Index ← 3759 CFJ 3760 3761 → text
===============================  CFJ 3760  ===============================

      If an Officer's report is CoE'd, and the Office changes hands
      before the deadline for CoE response, then the original publisher
      (not the new officer) is REQUIRED to respond by R2201.

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Caller:                        G.

Judge:                         omd

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History:

Called by G.:                                     23 Jul 2019 16:47:41
Assigned to omd:                                  23 Jul 2019 16:47:41

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Caller's Arguments:

Official duties pass with the office even if the office changes in the
middle of a legal process (e.g. if the ADoP changes in the middle of
an election, the new ADoP finishes the election).

In terms of responding to CoEs, R2201 reads in part:
                                                             The
          publisher of the original document SHALL (if e was required to
          publish that document) or SHOULD (otherwise) do one of the
          following in a timely fashion:

This is written in the past tense (if e *was* required) which implies that
even if the office changes hands, the requirement stays with the original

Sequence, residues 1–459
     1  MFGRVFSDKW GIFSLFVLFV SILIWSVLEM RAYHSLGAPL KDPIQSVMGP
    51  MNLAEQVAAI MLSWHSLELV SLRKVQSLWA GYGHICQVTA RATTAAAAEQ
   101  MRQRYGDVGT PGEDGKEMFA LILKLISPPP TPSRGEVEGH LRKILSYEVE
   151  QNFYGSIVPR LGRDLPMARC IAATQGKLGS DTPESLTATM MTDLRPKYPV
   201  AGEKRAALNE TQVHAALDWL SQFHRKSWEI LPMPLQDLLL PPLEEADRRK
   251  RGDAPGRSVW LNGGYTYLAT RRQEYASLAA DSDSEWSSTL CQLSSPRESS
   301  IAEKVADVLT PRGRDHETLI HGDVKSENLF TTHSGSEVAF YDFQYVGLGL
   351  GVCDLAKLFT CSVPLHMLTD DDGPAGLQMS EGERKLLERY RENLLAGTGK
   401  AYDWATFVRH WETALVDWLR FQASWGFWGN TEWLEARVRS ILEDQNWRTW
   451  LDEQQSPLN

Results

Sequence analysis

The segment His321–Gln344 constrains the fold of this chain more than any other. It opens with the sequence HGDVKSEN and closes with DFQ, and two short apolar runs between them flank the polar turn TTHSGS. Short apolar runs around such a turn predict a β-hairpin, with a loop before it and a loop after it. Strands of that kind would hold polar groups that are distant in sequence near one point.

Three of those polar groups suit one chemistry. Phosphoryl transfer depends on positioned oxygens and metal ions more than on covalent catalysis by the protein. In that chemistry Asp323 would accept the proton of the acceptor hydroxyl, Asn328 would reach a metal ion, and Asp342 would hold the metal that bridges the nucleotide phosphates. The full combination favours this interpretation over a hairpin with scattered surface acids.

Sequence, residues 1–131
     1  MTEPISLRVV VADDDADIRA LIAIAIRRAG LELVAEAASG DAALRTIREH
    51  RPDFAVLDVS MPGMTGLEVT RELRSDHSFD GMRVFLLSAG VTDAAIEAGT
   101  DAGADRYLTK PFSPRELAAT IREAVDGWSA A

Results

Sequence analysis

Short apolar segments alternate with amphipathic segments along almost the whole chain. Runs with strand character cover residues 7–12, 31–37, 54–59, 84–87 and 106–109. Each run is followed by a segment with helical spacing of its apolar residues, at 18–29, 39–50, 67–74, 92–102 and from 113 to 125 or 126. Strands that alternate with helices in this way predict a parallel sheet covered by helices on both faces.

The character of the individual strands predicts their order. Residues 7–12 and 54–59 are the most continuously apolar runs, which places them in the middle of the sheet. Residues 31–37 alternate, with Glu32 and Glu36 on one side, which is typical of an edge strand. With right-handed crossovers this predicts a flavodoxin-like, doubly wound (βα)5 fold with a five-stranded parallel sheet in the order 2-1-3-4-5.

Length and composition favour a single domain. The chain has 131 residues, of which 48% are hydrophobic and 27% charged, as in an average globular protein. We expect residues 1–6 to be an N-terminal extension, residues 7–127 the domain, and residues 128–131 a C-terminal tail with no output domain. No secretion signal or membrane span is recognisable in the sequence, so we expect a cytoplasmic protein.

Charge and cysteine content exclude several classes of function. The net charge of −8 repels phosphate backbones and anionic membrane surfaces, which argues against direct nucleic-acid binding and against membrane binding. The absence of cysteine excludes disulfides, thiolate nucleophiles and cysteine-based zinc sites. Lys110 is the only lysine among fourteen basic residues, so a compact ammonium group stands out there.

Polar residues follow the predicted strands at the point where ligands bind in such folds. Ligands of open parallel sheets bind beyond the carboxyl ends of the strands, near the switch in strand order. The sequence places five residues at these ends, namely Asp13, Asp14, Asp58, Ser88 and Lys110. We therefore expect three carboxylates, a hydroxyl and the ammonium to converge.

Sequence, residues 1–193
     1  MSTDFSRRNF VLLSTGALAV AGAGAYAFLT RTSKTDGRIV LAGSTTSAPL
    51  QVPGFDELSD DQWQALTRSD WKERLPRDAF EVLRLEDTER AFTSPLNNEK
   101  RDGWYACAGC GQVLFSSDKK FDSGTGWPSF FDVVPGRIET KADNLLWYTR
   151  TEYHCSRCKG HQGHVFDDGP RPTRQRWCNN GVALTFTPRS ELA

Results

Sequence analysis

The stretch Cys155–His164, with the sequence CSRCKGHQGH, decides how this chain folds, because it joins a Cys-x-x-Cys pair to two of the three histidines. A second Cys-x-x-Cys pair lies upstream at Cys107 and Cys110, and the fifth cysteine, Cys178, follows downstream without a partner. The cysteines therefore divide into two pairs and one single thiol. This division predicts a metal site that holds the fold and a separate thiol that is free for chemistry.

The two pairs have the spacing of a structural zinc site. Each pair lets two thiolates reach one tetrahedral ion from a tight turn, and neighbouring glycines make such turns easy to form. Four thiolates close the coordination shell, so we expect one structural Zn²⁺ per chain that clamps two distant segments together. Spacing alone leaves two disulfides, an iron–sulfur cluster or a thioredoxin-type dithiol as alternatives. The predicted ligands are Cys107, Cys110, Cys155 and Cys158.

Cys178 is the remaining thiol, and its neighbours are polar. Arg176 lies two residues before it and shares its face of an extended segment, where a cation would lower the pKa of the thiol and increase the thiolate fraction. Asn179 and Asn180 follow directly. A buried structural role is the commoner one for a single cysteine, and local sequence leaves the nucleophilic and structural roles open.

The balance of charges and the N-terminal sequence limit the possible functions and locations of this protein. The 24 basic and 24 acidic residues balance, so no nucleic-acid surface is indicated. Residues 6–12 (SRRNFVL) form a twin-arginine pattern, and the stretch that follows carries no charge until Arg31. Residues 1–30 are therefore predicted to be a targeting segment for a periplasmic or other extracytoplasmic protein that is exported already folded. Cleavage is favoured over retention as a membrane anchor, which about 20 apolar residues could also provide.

publisher.  Alternative possibilities are that the duty moves with the
Office, or that it becomes a SHOULD for the original publisher (because 
once e resigns e is no longer required to publish the document).

The answer may depend on whether "response to a CoE" is an official duty
(R2143):
       An official duty for an office is any duty that the Rules
       specifically assign to that office's holder in particular
       (regardless of eir identity).
which may depend on whether the "publisher of the original document" is
read as being "the [Officer]" (i.e. the publication is associated with the
office) versus "the person who held the office and actually published it".
By my reading, it is equally reasonable to say "the original publisher was
the ADoP (because that's who the duties trace to in the Rules)" as it is
to say "the original publisher was Murphy (because that's who held the
office at the time)" so I'm not arguing for either outcome in particular.

It's worth noting a knock-on effect of this judgement - if the duty stays
with the Office not the original publisher (i.e. the new officer is 
required to respond) then someone can deputise for the Office to respond.  
If the duty stays with the original publisher, deputisation can't be done.
I don't know if that's a bug or a feature.

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